In conclusion, the findings of this study support the previous observations regarding an increasing incidence of OTSCC and indicate that the trend coincides with significant survival improvement. Contrary to previous notion, the prognosis of contemporary OTSCC compares favorably with that of OPSCC. Since the 2000s, prognosis enhancement in both OTSCC and OPSCC is peculiar in that survival benefit is independent of treatment. On comparing HNSCC of various sites, we found that these incidence and survival characteristics are shared only by OTSCC and OPSCC. Contemporary OTSCC could be a harbinger of an emerging and distinct clinical entity, although future research is mandatory before clear conclusions can be drawn. Future investigations are needed to clarify the etiology of these observations. Though the observed variations in OTSCC may not be attributed to a novel causative agent, the increasing incidence and longer life expectancy provides further challenges for relevant health professionals. If the trend persists, an increasing number of OTSCC patients are expected to be recognized and treated accordingly. Given the findings of this study, vigilance needs to be exercised for early detection and diagnosis of OTSCC, and careful selection of optimal treatment is warranted to minimize long-term treatment toxicity.


Study population

All individuals diagnosed with HNSCC between 1976 and 2015 were identified from the SEER 9 database. All patients were subjected to pathological analysis and only those with histology of squamous cell neoplasms (International Classification of Diseases for Oncology, 3rd Edition [ICD-O-3] histology 8050–8089) were selected for this study. The included subsites according to the ICD-O-3/WHO 2008 were reclassified into five categories according to the Collaborative Stage schema v02.04 + ( as follows: (1) oral cavity (oral tongue, C020-C023, C028-C029; buccal mucosa, C060-C061; floor of mouth, C040-C041, C048-C049; gum, C030-C031, C039, C062; hard palate, C050; and others, C058-C059, C068-C069), (2) oropharynx (tonsil, C024, C090-C091, C098-C099, C14.2; base of tongue, C019; soft palate, C051, C052; oropharynx others, C100-C104, C108-C109), (3) nasopharynx (C110-C113, C118-C119), (4) hypopharynx (C129-C132, C138-C139), and (5) larynx (supraglottis, C321; glottis, C320; larynx others, C322–323, C328-C329). Lip cancer was excluded from the study because of an extremely favorable survival rate.

Patients were excluded if they were diagnosed based on their death certificate or autopsy or if there were no data on survival time. Patients with more than one primary tumor were also excluded (Supplementary Fig S1). The list of patients included for analysis was retrieved using the case listing option in the survival session of the SEER*Stat software (Ver 8.3.2) (

Statistical analysis

APC and its statistical significance were analyzed using the Joinpoint Regression Program28. The Joinpoint Trend Analysis Software (Ver can be downloaded from the following website: ( From the SEER*Stat software, the age-adjusted incidence rate per 100,000 persons for each cancer was calculated. The results were then exported to the Joinpoint program to calculate APC. The program automatically calculated the optimal number of Joinpoint of the age-adjusted incidence rate graph for each tumor site and the statistical significance of APC. Any APC that was different from zero at the alpha level of 0.05 was considered statistically significant. RS was defined as the ratio of the proportion of observed survivors in a cohort of cancer patients to the proportion of expected survivors in a comparable set of individuals without cancer. RS adjusts for the race, sex, age, and the date at which the age was coded. The US Expected Survival Table 1970–2015 by individual year in the SEER*Stat software was used as the expected survival reference to create a rate table for use in the R software environment (Supplementary A). RS for various anatomical sites was calculated for up to 10 years after diagnosis. The Kaplan-Meier estimates of RS were calculated using the Pohar-Perme method29. A log-rank test was used for univariate analysis of Kaplan-Meier estimates. For multiple comparisons, Bonferroni correction was applied. Two-tailed P < 0.05/n was considered statistically significant, where n is the number of log-rank tests.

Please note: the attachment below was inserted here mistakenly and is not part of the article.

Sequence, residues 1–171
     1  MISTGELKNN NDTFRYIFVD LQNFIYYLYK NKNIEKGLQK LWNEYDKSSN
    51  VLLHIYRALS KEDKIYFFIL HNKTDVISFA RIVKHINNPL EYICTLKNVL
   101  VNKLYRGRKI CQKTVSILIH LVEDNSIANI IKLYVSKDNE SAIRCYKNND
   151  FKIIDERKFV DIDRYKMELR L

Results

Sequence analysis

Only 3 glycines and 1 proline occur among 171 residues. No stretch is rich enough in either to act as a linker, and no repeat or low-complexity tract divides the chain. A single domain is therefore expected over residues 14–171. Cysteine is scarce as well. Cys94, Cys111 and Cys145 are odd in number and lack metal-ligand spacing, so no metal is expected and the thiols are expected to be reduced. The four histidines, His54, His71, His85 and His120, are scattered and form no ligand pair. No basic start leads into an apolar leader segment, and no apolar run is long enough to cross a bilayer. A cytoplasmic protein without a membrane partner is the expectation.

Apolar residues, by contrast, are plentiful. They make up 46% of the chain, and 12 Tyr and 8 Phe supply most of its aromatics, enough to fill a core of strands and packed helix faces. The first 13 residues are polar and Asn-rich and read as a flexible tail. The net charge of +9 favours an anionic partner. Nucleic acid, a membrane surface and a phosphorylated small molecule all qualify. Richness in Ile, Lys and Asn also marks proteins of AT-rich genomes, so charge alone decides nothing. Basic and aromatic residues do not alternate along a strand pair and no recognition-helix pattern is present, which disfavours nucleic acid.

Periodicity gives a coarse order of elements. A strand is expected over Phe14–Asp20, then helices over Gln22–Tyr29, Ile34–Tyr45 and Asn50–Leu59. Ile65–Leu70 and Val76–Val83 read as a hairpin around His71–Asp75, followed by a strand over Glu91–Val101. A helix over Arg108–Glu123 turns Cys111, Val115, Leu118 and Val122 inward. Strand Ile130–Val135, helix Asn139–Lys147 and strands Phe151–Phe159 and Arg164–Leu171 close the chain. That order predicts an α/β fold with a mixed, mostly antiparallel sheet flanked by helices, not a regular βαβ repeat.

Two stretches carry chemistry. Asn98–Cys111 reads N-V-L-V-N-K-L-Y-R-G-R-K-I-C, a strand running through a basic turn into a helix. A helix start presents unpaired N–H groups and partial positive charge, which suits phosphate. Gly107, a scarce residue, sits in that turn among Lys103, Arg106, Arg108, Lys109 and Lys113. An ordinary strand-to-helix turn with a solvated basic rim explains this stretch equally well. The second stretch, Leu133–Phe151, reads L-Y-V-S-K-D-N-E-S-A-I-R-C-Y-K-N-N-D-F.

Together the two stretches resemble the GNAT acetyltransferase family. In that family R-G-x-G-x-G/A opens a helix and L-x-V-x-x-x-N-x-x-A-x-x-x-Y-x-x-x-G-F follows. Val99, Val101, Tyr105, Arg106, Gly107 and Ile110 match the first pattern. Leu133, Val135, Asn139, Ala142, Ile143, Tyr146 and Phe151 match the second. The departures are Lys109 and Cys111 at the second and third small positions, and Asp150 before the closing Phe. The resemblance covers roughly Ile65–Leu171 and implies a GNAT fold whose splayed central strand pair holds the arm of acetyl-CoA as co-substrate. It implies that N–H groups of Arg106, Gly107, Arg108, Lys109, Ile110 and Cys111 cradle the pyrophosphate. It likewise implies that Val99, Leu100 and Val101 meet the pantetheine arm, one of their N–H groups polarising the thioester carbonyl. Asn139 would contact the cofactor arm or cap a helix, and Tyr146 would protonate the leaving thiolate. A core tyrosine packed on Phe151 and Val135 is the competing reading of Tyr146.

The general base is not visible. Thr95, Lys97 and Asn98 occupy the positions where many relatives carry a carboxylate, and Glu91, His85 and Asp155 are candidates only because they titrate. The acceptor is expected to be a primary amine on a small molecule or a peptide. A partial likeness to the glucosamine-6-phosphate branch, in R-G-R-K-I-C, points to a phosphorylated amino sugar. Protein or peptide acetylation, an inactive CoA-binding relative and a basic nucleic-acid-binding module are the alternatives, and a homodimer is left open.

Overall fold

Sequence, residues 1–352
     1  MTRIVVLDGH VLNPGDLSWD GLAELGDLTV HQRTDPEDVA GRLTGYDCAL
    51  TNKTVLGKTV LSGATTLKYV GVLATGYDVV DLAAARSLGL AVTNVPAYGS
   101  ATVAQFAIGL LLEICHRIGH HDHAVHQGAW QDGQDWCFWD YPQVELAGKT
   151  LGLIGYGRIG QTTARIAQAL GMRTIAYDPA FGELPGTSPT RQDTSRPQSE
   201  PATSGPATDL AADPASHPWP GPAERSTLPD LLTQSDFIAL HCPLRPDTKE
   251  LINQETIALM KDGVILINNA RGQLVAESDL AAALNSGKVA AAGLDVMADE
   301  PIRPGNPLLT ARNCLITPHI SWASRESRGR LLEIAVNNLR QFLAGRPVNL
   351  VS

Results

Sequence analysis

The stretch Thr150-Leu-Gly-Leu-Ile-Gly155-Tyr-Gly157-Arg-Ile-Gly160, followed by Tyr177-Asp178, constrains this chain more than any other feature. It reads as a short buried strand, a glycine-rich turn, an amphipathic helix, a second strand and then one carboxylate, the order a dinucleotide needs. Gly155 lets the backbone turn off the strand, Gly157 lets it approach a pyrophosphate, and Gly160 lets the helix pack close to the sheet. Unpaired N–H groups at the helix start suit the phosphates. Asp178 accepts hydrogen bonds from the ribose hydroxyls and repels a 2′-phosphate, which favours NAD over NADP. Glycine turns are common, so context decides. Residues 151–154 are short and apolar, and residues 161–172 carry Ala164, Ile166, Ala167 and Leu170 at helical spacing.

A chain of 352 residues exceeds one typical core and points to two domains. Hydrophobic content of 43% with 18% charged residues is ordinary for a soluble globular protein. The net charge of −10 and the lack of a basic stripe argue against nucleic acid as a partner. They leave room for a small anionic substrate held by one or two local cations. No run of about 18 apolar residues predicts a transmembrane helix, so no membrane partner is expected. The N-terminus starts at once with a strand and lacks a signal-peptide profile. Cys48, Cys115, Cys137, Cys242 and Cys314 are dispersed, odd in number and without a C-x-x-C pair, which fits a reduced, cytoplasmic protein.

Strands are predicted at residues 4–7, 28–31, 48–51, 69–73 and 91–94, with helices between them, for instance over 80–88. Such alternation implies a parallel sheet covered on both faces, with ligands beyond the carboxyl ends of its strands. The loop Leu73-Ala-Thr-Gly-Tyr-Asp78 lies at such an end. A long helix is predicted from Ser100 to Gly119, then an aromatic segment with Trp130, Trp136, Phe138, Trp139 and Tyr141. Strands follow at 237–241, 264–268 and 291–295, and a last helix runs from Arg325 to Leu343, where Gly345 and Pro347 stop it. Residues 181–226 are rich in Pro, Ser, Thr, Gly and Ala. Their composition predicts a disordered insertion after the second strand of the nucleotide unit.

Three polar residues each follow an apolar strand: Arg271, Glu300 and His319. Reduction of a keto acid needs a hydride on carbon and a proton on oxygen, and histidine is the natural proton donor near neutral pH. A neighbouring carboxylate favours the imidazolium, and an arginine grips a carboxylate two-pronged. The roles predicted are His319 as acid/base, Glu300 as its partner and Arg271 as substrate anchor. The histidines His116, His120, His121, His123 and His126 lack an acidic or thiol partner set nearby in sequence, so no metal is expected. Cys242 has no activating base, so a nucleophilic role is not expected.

CS estimates were calculated RS and were directly obtained using the provided tool in the survival session of the SEER*Stat software. For multivariate analysis of RS, the multiplicative regression model for RS by Anderson et al. was used, which is an extension of the Cox proportional hazard function. The Anderson model reflexes changing trends in mortality, so that is particularly relevant in long-term follow-up studies30. This model was adjusted for the following variables: diagnostic periods, age, sex, race, cancer sites, extent of disease, grade, surgery, chemotherapy, and radiotherapy. Two-tailed P < 0.05 was considered statistically significant. RS analysis and graph generation were performed using R software version 3.5.1 (R Foundation for Statistical Computing, Vienna, Austria) and ‘relsurv’ R package29.

Ethics approval and informed consent

As all information in the SEER database is de-identified, the current study was exempt from institutional review board approval, and informed consent was not required. The study was performed in accordance with the Declaration of Helsinki.